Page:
Every child grows up with stories – myths, legends, fairytales. These stories shape our knowledge in our younger years, and in this way influence our further understanding of the world.
Rulers already understood this influence a long time ago. Culture shapes our stories, but our stories also shape our culture. This is seen clearly in the history of Russian fairytales.
In the pre-communist period, Tsarist Russia, art was completely inspired by the orthodox Christian church. In the 18th century Russia was opened to Europe, which slowly caused more subjects than God to enter the art world.
Fairytales were an important subject in Russia’s painting. Folklore had always been important, but it really became an artform when people started painting the stories of fairytales in the 19th century. Interesting painters are among others Ivan Bilibin, Viktor Vasnetsov and Elena Poloneva.
1830-1840 is seen as the highlight of Russian fairytales. There was a lot of oppression, but precisely in this era literature was used as a way of resistance. The fables gave critique on the situation in which people had to live.
A well-known fairytale from the pre-communist era is Ivan the son of the Czar, the firebird and the gray wolf. The story is about Ivan who gets an assignment from his dad to protect his special tree. Through this assignment he lands in an adventure. The fairytale follows the classical structure of problem, adventure with a resolution and a denouement (spoiler alert: Ivan marries the pretty girl).
What is mostly remarkable in this fairytales, and other fairytales from the same era, is that the story is dominated by subjects as czars and heroes.
In the communist era this completely changed. The fairytales were suddenly filled with hard workers, the red army, collective farms and technology. The old fairytales were seen as a reminder of the old tsar empire. A few intellectuals argued against the disappearance of folklore and created new fairytales.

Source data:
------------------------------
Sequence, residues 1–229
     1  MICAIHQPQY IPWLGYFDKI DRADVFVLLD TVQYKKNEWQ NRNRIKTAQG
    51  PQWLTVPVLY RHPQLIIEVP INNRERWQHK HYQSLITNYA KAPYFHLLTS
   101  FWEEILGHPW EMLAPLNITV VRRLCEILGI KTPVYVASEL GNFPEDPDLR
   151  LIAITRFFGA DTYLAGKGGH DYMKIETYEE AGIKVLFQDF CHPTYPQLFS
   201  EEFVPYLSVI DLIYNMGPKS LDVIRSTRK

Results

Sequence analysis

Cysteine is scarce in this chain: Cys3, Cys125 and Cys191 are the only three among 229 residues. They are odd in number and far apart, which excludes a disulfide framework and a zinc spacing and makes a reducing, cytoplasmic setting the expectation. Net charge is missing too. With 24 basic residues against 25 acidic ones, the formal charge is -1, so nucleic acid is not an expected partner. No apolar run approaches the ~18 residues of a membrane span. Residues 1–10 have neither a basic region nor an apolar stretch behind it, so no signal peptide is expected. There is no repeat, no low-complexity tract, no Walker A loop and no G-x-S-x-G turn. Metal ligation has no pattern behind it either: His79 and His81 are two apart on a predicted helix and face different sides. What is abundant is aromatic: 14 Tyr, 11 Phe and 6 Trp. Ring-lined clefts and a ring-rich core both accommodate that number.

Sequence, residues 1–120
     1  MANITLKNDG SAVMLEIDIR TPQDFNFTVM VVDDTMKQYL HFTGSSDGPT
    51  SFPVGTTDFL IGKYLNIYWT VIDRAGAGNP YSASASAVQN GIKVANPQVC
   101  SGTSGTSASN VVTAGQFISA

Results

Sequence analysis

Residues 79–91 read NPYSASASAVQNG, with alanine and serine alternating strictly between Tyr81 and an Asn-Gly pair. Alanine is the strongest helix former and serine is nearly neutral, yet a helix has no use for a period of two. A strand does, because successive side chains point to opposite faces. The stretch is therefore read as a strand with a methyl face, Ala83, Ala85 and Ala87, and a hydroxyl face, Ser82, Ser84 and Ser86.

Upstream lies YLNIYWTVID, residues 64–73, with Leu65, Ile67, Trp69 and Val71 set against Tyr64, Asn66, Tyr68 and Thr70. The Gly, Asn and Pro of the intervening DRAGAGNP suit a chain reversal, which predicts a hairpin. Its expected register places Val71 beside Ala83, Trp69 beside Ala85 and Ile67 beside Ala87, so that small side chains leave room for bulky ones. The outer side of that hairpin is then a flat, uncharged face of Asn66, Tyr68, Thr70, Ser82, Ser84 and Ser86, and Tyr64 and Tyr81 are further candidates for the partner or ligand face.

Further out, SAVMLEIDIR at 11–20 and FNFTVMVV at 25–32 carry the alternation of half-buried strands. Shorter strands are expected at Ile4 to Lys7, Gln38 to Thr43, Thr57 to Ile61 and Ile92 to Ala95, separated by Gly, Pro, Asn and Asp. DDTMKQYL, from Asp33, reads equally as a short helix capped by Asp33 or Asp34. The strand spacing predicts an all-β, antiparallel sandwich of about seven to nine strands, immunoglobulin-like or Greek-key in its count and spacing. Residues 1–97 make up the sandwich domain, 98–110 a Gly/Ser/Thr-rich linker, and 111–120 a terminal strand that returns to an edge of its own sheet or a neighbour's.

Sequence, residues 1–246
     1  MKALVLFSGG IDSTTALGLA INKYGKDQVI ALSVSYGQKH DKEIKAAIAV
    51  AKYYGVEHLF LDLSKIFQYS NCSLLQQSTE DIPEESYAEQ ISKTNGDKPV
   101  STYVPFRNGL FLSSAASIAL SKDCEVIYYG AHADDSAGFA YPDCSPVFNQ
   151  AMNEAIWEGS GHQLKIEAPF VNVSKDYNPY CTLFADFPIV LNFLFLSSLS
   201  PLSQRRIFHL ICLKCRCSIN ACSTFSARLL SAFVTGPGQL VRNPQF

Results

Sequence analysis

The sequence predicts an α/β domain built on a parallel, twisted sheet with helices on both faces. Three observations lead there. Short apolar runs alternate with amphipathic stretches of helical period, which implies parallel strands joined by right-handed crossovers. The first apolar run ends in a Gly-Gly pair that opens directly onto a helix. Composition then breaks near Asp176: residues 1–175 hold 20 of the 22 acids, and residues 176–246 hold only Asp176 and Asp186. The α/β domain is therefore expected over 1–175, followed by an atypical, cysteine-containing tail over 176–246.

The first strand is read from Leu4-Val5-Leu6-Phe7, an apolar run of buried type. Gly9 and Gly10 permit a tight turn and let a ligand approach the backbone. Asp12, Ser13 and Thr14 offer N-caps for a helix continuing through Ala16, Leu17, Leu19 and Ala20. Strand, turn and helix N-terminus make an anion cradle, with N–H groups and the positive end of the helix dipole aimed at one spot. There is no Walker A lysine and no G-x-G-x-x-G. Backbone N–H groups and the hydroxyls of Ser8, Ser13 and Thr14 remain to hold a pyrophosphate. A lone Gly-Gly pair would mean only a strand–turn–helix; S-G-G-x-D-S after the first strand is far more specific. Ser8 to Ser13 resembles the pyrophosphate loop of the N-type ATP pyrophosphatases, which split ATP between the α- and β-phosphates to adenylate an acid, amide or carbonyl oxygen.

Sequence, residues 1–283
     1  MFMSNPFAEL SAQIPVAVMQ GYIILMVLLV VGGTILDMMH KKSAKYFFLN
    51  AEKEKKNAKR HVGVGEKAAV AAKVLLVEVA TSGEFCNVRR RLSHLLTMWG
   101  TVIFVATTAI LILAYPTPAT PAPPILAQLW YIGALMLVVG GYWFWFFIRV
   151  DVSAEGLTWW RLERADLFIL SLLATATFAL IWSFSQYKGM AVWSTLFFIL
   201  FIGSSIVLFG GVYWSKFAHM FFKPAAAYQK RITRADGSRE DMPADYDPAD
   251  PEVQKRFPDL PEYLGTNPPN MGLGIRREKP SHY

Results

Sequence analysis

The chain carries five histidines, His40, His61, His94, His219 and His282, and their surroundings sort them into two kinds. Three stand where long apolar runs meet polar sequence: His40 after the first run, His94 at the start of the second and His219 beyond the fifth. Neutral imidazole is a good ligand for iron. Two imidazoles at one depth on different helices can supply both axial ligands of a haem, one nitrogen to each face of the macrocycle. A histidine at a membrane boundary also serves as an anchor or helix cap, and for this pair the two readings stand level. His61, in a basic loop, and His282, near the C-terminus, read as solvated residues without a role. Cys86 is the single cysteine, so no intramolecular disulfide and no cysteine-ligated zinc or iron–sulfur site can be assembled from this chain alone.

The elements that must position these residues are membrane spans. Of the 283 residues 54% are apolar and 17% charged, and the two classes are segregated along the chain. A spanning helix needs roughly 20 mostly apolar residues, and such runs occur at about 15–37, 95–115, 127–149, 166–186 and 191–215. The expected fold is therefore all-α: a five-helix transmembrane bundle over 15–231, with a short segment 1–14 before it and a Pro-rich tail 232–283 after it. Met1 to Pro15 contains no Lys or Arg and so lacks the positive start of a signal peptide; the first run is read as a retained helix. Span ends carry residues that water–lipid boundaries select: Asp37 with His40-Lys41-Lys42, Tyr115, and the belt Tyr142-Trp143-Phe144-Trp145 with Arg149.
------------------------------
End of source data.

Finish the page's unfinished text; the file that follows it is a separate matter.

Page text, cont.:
The Soviet-folklore clearly showed morals that glorified the proletariat and the communist ideology. Lenin and Stalin often were the heroes of the stories.
In 1935 a Russian version of ‘Gulliver’s Travels’ was published. This version is about a boy that suffers under capitalist inequality and exploitation. The story ends in a communist utopia. This story shows the exploitation as the problem and this problem is solved through a revolution. The communist message is extremely clear: a boy saves a by bourgeoisie oppressed country and brings them the amazing communism.
In the communist era, literature was used as a form of protest too. An example is ‘The Foundation Pit’, written in 1930, but published in 1987. The book gave harsh critique on collectivization of agriculture and the communist system as a whole. The book consists of short, fairytale-like stories.
There is a clear contrast between tsarist and communist Russian fairytales. The subjects are different: from tsars and heroes to labour workers and technique. This is remarkable, but what really catches the eye are the similarities. Both fairytales meet the zeitgeist. There are pro-government fairytales that reflect the existing culture and exactly tell what the political elites want. But in both eras there were also forms of resistance through (childrens) literature like fairytales.
Especially children are easily influenced, because their whole world view is still to be created. Fairytales are an important mean, because they tell the story of the country and the culture that people want to convey. In the Russian history this is well seen in the different fairytales.
Be aware of the stories that you heard, read and cherished. They probably had an important message to tell.
With thanks to my research buddy Celine de Boer.